Mick Fowler

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Michael "Mick" Fowler (born 1956 in London) is an award-winning British mountaineer and author.

He was voted the "Mountaineers' Mountaineer" in a poll in The Observer[citation needed], and with Paul Ramsden, won the 2002 Piolet d'Or and Golden Piton awards for their ascent of 6,250-metre (20,510 ft) Mount Siguniang in the Qionglai Mountains in the Sichuan Province of China.[citation needed] In 2012, he was awarded the King Albert award for his "outstanding contribution to mountaineering", and in 2013, he and Paul Ramsden became the first pair to win a Piolet d'Or award twice after their ascent of the 6,142-metre (20,151 ft) Prow of Shiva in the Indian Himalayas.

Climbing history[edit]

He was introduced to rock climbing and mountaineering as a teenager by his widowed father George, who took him to the Alps in 1969 at the age of 13. In the 1980s, he was regarded as the driving force behind a group of London climbers who would regularly drive to the north of Scotland, a round trip of 1,300 miles, for winter weekends. His record was 11 consecutive weekends.

He was one of the first people to rock climb at the E6 grade of difficulty (Linden Route, Eliminates Wall, Curbar Edge; 1976) and winter climb at grade VI (Central Icefall Direct, Craig y Rhaeadr, Llanberis Pass; 1979). He is widely acknowledged as a pioneer of adventurous rock climbs on sea cliffs and sea stacks, and for the use of ice-climbing techniques on the soft chalk cliffs of England's southeast coast.

Career, writing, and family[edit]

Fowler served as president of the Alpine Club from 2011 to 2013 after winning the first contested election in the organisation's 150-year history.

Since 1977, he has worked full-time for HM Revenue and Customs, where he holds the position of Assistant Director, Shares and Assets Valuation. Since 2008, he has also worked with the outdoor company Berghaus.[1]

Fowler has written two volumes of memoirs, both of which were shortlisted for the Boardman Tasker Prize for Mountain Literature. He won the Jon Whyte Award for Mountain Literature at the 2005 Banff Mountain Book Festival and the best book prize at the Bormio Mountain Festival (Italy) in 2012.[citation needed]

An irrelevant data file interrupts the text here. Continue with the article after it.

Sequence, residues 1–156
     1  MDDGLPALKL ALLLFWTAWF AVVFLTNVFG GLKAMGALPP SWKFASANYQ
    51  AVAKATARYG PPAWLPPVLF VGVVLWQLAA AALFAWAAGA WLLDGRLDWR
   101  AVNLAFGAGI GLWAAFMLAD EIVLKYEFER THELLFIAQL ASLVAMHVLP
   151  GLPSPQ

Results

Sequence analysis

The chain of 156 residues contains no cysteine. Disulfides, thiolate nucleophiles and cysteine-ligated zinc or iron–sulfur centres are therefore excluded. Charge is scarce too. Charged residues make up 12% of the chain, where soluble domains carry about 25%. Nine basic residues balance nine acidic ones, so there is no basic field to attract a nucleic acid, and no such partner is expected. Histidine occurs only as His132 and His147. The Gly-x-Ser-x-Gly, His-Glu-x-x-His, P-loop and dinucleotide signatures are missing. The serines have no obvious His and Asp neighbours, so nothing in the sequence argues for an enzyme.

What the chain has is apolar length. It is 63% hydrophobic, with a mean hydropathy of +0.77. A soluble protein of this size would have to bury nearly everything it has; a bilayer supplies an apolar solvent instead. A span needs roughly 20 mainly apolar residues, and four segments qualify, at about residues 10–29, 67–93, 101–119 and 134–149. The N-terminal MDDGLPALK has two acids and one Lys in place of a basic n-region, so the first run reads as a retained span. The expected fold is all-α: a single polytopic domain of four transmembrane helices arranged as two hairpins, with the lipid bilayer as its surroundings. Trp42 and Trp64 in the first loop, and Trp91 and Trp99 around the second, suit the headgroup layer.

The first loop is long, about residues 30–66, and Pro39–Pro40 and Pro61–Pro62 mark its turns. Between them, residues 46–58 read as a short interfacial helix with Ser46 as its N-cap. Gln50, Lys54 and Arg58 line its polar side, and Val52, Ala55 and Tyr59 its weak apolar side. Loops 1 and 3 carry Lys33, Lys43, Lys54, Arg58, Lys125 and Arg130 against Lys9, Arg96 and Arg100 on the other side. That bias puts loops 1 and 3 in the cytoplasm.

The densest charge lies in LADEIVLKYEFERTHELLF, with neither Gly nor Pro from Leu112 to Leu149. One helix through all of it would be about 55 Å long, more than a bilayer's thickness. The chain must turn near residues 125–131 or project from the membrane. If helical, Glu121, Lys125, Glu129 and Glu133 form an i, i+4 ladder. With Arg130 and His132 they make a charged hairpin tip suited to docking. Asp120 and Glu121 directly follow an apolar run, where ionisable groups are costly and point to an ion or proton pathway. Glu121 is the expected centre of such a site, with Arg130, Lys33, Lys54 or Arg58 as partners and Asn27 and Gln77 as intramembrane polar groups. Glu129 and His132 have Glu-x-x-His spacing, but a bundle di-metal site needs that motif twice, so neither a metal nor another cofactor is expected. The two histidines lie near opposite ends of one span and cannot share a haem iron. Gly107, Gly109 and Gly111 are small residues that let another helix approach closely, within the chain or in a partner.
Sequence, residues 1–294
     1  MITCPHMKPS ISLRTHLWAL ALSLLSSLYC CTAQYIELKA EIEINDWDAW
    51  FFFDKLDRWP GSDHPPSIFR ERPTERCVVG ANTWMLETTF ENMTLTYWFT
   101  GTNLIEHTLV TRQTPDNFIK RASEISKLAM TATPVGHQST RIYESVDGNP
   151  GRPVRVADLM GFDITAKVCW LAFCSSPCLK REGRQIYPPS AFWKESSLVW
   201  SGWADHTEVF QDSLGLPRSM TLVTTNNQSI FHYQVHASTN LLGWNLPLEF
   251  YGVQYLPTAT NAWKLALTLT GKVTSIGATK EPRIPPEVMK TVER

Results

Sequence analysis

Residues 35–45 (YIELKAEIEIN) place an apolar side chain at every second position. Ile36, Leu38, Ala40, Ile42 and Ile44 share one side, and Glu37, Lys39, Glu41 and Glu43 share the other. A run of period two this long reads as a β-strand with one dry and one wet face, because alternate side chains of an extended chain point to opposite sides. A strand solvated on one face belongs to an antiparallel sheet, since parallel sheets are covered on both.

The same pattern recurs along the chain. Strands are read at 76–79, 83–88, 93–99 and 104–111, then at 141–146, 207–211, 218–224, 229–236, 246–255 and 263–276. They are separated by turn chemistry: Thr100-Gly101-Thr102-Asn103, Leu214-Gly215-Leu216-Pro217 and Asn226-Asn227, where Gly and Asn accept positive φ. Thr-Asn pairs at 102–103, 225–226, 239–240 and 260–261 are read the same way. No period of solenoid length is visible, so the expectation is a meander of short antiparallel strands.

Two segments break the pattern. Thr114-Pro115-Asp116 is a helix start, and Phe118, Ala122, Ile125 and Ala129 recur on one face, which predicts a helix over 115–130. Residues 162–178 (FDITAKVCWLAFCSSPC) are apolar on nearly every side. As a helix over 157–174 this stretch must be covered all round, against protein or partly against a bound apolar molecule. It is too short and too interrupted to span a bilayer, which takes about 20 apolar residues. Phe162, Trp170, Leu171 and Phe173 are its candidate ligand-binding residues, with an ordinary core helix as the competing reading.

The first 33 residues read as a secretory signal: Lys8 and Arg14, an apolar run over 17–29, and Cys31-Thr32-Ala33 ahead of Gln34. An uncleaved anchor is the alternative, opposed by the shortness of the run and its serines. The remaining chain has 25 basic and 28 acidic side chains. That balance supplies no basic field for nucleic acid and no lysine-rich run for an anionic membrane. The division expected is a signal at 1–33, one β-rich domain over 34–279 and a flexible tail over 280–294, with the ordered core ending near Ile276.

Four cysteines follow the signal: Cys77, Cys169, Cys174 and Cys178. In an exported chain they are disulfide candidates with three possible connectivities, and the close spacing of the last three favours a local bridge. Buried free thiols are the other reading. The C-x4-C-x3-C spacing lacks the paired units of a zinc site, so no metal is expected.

He currently lives in Derbyshire with his wife Nicola and their two children, Tessa and Alec.

Notable ascents[edit]

Rock and ice climbs (first ascents)[edit]

Stack Clò Kearvaig Striking pinnacle off Kearvaig. First climbed in 1989, the landward pinnacle by Guy Muhlemann and Simon Richardson, while Mick Fowler and Chris Watts knocked off the seaward pinnacle. Both graded Hard Very Severe.

Conventional rock climbs:

  • Linden (E6) in 1976 at Curbar Edge in Derbyshire (as one of the first E6 climbs in Britain this received extensive press coverage)
  • Stone (E5) in the Hebrides
  • Ludwig (E6) at Gogarth
  • Stairway to Heaven (E5) on Skye
  • Caveman (E6) in Devon

Sea cliffs:

  • Henna (450 ft, XS) and Bukator (600 ft, XS) on the North Devon/Cornwall coast
  • Monster Crack (500 ft, XS) (first free ascent of the chalk cliffs at Beachy Head)
  • Skeleton Ridge (HVS) on the Isle of Wight
  • Clo Mhor Crack (E3) (the only route on the biggest cliffs in mainland Britain, at Cape Wrath in Scotland)
  • BeriBeri (E4), on the Isle of Hoy
  • Big John (E4), on Hoy (the first one-day ascent of the biggest sea cliff in Britain)
  • Great White Fright (VI), Dover

Sea stacks:

  • Branaunmore (Ireland)
  • Lovers Leap Rock (Ireland)
  • Doonbristy (Ireland)
  • The Needle (Hoy)
  • Spindle (Shetland)
  • Clett Rock (Thurso)
  • Old Harry, The Tusk and Press Gang Pinnacle (Swanage)
  • The Knee (Duncansby Head)

Ice climbs:

  • The Fly Direct (VI) on Creag Meagaidh
  • Gully of the Gods (V) in Applecross
  • The Shield Direct (VI) on Ben Nevis (the first Scottish winter route to be given a guidebook rating of VI)
  • West Central Gully (VII) Torridon
  • Deep Gash Gully (VI) on Skye
  • Cascade (V) and Central Ice-fall Direct (VI on Craig Rhaeddr, North Wales)
  • A 65-foot (20 m) ice streak created by a leaking toilet outflow at St. Pancras station




  • Fowler, Mick (1995). Vertical Pleasure: The Secret Life of a Tax Man. London, UK: Hodder & Stoughton. ISBN 0-340-62321-7. 
  • Fowler, Mick (2006). Vertical Pleasure: Early Climbs in Britain, the Alps, the Andes and the Himalaya (reprint ed.). Baton Wicks Publications. ISBN 1-898573-67-0. 
  • Fowler, Mick (1998). "A Touch Too Much?". American Alpine Journal (Golden, CO, USA: American Alpine Club) 40 (72): 53–68. ISBN 0-930410-78-5. 
  • Fowler, Mick (2005). On Thin Ice: Alpine Climbs in the Americas, Asia and the Himalaya. Baton Wicks Publications. ISBN 1-898573-58-1. 


  1. ^ "berghaus.com". berghaus.com. Retrieved 22 March 2014. 
  2. ^ "The King Albert I Memorial Foundation: Award Ceremony 2012". King-albert-foundation.ch. 1 September 2012. Retrieved 22 March 2014. 

External links[edit]